Wednesday, August 17, 2016

Greensboro Man Invents Road Machine That Will Take Place of 15 Workers, 1914

“Invents Road Machine” from the Aug. 13, 1914, issue of The High Point Review.

Greensboro—George W. Pritchett of this city is the inventor of a new road machine which is being given a try-out here. It is claimed for it that the machine will do the work of 15 to 20 men. It is designed to repair the surface of macadam roads and streets. It automatically places soil, gravel or crushed rock in the holes and then packs it be means of three small trip hammers, which are operated from the machine. Mr. Pritchett is a practical mechanic and believes that he has a good thing.


“A New Power Tamping Machine” from the Municipal Journal & Public Works, Volume 37. Click on the link to see a photograph of the machine which pictures someone, perhaps George Pritchett himself, at the controls.,+Greensboro,+NC&source=bl&ots=Zqp6Jg6hOy&sig=d0pJ2S9gXnCnye5d_0eUgD6BdZQ&hl=en&sa=X&ei=A9bgU8mbOc6kyASlwIDwAw&ved=0CCgQ6AEwBA#v=onepage&q=George%20W.%20Pritchett%2C%20Greensboro%2C%20NC&f=false

Three independent tamping heads are the principal feature of a new power tamping machine invented by George W. Pritchett, 805 Ashkow street, Greensboro, N.C. this allows tamping at various levels at the same time as, for instance, one head may be in a ditch while the other two may be tamping on the surface. Each head weighs 100 pounds and is lifted, vertically to any height up to 20 inches, and automatically dropped 30 times per minute. These heads are 8 inches in diameter and are carried on an auto truck which is either two-wheeled or four-wheeled, depending on the size of the machine. The control of operations is from the driver’s seat, which is about in the center of the truck, the tractor has a speed either forward or backward of three miles per hour. When the heads are four inches off the ground the machine may be regulated to move the width of the heads. It is claimed that this machine will damp dirt in ditches at any depth up to 10 feet, the machine traveling outside the ditch, and that for backfilling the tamper will take the place of 15 men.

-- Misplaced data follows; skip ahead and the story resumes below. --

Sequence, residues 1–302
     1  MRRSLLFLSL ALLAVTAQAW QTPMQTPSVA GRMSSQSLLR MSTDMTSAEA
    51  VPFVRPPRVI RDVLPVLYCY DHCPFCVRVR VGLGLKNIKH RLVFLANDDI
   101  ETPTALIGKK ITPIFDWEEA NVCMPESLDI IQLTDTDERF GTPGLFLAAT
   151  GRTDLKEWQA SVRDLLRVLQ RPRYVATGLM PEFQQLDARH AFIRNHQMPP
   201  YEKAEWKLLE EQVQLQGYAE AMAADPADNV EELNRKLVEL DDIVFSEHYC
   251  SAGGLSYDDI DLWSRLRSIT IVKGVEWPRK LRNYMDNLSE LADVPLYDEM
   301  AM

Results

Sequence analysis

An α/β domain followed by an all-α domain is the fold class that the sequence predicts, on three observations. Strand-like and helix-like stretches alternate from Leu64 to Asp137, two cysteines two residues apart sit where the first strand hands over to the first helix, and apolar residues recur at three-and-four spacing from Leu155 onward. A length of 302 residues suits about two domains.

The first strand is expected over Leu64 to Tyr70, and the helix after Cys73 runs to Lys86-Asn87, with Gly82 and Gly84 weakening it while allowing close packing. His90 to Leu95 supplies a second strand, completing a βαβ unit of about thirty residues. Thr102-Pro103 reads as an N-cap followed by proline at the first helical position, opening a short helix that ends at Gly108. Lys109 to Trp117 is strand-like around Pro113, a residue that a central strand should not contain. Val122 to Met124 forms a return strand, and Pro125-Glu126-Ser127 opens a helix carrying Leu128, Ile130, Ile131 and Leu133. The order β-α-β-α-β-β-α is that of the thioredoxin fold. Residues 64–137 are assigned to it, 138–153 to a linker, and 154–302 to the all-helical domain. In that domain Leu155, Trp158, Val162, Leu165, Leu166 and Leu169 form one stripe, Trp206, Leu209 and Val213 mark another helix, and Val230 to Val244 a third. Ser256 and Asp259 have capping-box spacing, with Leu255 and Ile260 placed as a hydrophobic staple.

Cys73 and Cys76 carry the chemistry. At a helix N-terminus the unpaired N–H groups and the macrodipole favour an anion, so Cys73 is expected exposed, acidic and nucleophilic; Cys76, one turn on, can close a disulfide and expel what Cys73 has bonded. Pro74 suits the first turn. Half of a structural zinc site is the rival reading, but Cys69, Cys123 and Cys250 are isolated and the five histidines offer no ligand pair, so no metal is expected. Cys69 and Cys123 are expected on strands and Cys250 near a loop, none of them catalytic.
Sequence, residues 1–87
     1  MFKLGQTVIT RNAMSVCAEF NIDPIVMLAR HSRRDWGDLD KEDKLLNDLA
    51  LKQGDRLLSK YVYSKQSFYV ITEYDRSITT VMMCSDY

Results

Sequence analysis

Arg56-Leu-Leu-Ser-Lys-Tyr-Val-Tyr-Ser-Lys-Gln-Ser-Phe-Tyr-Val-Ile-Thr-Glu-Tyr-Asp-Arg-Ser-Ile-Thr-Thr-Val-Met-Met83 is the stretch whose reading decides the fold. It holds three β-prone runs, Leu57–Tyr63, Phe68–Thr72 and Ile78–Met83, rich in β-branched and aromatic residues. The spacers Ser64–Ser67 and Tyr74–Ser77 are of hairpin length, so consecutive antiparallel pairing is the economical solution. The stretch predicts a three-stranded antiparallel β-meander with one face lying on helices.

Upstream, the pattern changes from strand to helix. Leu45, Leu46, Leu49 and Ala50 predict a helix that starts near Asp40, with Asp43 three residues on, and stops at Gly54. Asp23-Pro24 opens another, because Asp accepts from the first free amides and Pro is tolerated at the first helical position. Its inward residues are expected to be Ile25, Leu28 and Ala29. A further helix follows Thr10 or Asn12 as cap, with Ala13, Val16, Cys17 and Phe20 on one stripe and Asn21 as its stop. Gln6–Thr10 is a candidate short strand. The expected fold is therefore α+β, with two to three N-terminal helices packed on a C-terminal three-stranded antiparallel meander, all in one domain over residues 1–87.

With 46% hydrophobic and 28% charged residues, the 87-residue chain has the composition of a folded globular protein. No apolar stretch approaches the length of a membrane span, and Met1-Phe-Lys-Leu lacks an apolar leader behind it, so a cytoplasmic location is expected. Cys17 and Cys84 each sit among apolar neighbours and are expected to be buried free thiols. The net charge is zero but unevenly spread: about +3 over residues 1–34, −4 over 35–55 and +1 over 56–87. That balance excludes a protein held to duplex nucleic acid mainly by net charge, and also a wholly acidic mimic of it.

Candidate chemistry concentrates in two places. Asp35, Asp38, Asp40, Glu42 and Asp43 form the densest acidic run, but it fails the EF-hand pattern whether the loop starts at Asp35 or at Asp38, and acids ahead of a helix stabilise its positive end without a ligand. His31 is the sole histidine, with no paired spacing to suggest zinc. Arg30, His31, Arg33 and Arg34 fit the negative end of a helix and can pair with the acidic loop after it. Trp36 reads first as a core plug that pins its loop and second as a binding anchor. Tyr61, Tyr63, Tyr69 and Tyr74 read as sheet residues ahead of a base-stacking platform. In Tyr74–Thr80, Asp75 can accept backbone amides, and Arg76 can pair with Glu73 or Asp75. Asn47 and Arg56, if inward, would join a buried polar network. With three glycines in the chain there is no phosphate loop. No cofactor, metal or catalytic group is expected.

For repairing macadam roads, sand-clay roads and streets, a load of material may be tied on to the machine and taken to the job. For tamping cobble stones, bricks, bases of sidewalks and other concrete work, trenches for conduit and pipe the machine should be effective.


If you find all of this interesting, the Greensboro Historical Museum has George Pritchett’s papers. George Pritchett, 1899-1937, “was an inventor, salesman, member of the Greensboro Fire Department and self-taught engineer…. Educated in the ‘district school’ until the age of 17, Pritchett quit school before graduating to work as a rodman for the Cape Fear and Yadkin Valley Railroad. He subsequently was engaged in various surveying and engineering projects over the next 14 years before becoming a salesman of mechanical equipment. In 1910 Pritchett was awarded a U.S. patent for the invention of a tamping mechanism, which was employed in a machine used for firmly and evenly pack materials onto roads and into ditches and holes. Shortly after receiving the patent, he incorporated the Universal Machine Company, which built and sold machines using his invention; it does not appear that this business evolved into a successful enterprise.” To read more about George Pritchett and to learn about the collection at the museum, go to

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